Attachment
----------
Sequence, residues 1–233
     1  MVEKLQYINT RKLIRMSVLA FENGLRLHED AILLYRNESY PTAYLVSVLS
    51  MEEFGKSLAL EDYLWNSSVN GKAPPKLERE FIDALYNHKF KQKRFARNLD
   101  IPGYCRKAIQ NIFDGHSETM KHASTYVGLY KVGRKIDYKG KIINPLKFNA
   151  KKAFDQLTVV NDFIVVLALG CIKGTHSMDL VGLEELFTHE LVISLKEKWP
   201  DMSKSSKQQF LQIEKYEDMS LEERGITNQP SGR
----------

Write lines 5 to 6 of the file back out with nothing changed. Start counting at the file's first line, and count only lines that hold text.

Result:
   151  KKAFDQLTVV NDFIVVLALG CIKGTHSMDL VGLEELFTHE LVISLKEKWP
   201  DMSKSSKQQF LQIEKYEDMS LEERGITNQP SGR